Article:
Group Title: Bulletin
Title: Soil moisture sensors
CITATION DOWNLOADS THUMBNAILS PAGE IMAGE ZOOMABLE
Full Citation
STANDARD VIEW MARC VIEW
Permanent Link: http://ufdc.ufl.edu/UF00008529/00001
 Material Information
Title: Soil moisture sensors
Series Title: Bulletin
Physical Description: 12 p. : ; 28 cm.
Language: English
Creator: Zazueta, F. S ( Fedro S )
Xin, Jiannong, 1961-
Florida Cooperative Extension Service
Publisher: Florida Cooperative Extension Service, Institute of Food and Agricultural Sciences, University of Florida
Place of Publication: Gainesville
Publication Date: 1994
 Subjects
Subject: Soil moisture -- Measurement   ( lcsh )
Genre: government publication (state, provincial, terriorial, dependent)   ( marcgt )
bibliography   ( marcgt )
non-fiction   ( marcgt )
 Notes
Bibliography: Includes bibliographical references.
Statement of Responsibility: Fedro S. Zazueta and Jiannong Xin.
General Note: Title from caption.
General Note: "April 1994."
 Record Information
Bibliographic ID: UF00008529
Volume ID: VID00001
Source Institution: University of Florida
Holding Location: University of Florida
Rights Management: All rights reserved by the source institution and holding location.
Resource Identifier: ltqf - AAA6791
ltuf - AKA2280
oclc - 30692174
alephbibnum - 001926319

Downloads
Full Text




UNIVERSITY OF

SFLORIDA

Florida Cooperative Extension Service


Soil Moisture Sensors'


Bulletin 292
April 1994


Fedro S. Zazueta and Jiannong Xin2


INTRODUCTION

This bulletin is a survey and classification of the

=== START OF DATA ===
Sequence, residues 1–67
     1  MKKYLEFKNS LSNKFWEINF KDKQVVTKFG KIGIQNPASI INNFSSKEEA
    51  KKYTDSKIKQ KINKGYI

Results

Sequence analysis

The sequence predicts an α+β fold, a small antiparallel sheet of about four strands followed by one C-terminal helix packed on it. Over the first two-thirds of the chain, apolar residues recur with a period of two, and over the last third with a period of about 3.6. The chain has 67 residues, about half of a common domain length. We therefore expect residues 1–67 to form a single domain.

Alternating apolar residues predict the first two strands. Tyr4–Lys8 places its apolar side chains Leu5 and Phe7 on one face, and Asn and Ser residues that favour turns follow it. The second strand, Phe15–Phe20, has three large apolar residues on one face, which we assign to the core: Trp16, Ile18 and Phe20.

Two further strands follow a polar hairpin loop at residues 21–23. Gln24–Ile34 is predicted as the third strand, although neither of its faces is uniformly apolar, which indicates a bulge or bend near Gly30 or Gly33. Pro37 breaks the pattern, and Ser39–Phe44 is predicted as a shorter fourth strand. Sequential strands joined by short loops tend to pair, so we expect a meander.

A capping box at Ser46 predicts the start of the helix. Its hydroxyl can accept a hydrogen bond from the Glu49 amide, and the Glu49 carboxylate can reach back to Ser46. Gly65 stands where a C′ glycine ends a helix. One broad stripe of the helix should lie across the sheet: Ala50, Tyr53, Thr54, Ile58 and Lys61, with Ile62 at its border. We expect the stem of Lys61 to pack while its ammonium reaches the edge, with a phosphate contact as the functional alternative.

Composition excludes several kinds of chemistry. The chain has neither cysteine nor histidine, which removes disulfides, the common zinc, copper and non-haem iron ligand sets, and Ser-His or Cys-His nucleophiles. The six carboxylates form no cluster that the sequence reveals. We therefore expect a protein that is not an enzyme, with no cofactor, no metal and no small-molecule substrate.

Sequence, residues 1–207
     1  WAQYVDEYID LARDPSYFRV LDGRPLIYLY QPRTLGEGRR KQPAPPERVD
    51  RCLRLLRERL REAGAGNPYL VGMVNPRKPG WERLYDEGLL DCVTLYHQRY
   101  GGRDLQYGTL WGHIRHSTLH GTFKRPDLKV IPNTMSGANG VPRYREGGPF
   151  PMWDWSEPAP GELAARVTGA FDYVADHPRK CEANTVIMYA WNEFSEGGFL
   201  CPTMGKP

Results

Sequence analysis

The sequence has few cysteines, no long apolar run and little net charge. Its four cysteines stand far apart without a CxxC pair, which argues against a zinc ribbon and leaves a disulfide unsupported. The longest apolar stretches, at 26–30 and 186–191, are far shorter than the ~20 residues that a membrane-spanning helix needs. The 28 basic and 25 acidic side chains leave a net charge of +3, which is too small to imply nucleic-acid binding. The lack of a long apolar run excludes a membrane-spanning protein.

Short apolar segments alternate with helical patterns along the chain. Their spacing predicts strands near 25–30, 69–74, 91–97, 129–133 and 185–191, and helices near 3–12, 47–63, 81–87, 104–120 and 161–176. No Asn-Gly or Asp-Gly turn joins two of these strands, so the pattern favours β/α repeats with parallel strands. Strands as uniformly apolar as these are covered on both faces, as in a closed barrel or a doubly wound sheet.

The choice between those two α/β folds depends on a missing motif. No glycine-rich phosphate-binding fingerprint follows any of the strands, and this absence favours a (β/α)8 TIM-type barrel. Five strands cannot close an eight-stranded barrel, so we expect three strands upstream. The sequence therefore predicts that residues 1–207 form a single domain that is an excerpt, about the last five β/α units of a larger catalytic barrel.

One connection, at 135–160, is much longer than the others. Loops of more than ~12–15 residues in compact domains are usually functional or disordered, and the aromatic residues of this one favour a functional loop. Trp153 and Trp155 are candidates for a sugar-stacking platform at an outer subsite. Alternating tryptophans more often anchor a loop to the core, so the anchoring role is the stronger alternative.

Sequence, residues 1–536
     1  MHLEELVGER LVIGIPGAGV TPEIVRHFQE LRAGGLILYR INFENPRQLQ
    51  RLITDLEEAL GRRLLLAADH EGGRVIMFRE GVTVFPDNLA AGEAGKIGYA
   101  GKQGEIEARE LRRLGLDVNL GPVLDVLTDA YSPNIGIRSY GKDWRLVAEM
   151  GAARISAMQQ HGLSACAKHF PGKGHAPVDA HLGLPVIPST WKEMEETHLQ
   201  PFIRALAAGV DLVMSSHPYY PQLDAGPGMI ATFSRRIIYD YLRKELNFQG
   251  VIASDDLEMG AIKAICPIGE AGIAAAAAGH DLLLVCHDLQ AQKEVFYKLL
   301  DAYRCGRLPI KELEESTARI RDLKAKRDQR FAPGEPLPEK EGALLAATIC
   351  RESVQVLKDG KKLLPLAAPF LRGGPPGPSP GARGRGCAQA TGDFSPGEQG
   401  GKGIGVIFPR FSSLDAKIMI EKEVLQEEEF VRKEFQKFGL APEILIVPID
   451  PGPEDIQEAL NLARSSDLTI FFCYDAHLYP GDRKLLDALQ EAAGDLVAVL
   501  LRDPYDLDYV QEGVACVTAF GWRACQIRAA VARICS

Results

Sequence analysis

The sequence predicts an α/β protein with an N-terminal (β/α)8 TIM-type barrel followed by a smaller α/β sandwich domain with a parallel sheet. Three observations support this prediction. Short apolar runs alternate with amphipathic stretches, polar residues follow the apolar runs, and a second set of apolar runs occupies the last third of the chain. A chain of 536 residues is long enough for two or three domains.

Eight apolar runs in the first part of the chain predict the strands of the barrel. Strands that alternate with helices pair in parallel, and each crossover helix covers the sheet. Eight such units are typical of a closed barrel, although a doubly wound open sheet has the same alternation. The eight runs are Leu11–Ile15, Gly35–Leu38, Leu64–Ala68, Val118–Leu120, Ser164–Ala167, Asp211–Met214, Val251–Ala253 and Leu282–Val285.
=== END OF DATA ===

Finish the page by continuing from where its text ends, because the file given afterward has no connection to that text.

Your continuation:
general methods for determining soil moisture. The
techniques reviewed here involve the use of
gravimetric, nuclear, electromagnetic, tensiometric,
hygrometric, and remote sensing processes. Other
miscellaneous methods are grouped under the
heading Other Related Papers. Each of the soil
moisture measuring methods is presented by means of
(1) simple description, (2) measured parameter, (3)
estimated response time, (4) disadvantages, (5)
advantages, and (6) related papers.

GRAVIMETRIC TECHNIQUES

1. Description:

The oven-drying technique is probably the most
widely used of all gravimetric methods for measuring
soil moisture and is the standard for the calibration of
all other soil moisture determination techniques. This
method involves removing a soil sample from the field
and determining the mass of water content in relation
to the mass of dry soil. Although the use of this
technique ensures accurate measurements, it also has
a number of disadvantages: laboratory equipment,
sampling tools, and 24 hours of drying time are
required. In addition, it is a destructive test in that it
requires sample removal. This makes it impossible to
measure soil moisture at exactly the same point at a
later date. Eventually, measurements will become


inaccurate because of field variability from one site to
another.

2. Measured Parameter.

Mass water content (percentage of dry vs. wet soil
weight)

3. Response Time: a 24 hours

4. Disadvantages:

Destructive test
Time consuming
Inapplicable to automatic control
Must know dry bulk density and transform
data to volume moisture content

5. Advantages:

Ensures accurate measurements
Not dependent on salinity and soil type
Easy to calculate

6. Related Literature:

Erbach, D.C. 1983. Measurement of soil moisture
and bulk density. ASAE Paper No. 83-1553.

Gardner, W.H. 1986. Water content. In: Methods
of Soil Analysis. Part 1. Physical and
Mineralogical Methods (Klute, A., ed). Agronomy


1. This document is Bulletin 292, a series of the Agricultural Engineering Department, Florida Cooperative Extension Service, Institute of Food
and Agricultural Sciences, University of Florida. Publication date: April 1994. First published: June 1993 as Special Series AGE-27.
2. FS. Zazueta, Professor, Agricultural Engineering Department; Jiannong Xin, Graduate Assistant, Agricultural Engineering Department,
Cooperative Extension Service, Institute of Food and Agricultural Sciences, University of Florida, Gainesville FL 32611.